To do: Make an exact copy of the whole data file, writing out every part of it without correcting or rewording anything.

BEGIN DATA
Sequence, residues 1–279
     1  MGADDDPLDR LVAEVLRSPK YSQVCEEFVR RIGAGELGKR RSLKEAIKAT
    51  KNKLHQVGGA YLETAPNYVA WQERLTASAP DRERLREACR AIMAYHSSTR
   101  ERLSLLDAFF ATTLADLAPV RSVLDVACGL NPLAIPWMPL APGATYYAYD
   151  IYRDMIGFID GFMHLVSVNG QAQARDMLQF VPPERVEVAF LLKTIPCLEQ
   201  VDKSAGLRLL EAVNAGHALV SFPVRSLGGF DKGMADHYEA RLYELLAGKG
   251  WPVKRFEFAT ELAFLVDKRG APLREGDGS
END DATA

Sequence, residues 1–279
     1  MGADDDPLDR LVAEVLRSPK YSQVCEEFVR RIGAGELGKR RSLKEAIKAT
    51  KNKLHQVGGA YLETAPNYVA WQERLTASAP DRERLREACR AIMAYHSSTR
   101  ERLSLLDAFF ATTLADLAPV RSVLDVACGL NPLAIPWMPL APGATYYAYD
   151  IYRDMIGFID GFMHLVSVNG QAQARDMLQF VPPERVEVAF LLKTIPCLEQ
   201  VDKSAGLRLL EAVNAGHALV SFPVRSLGGF DKGMADHYEA RLYELLAGKG
   251  WPVKRFEFAT ELAFLVDKRG APLREGDGS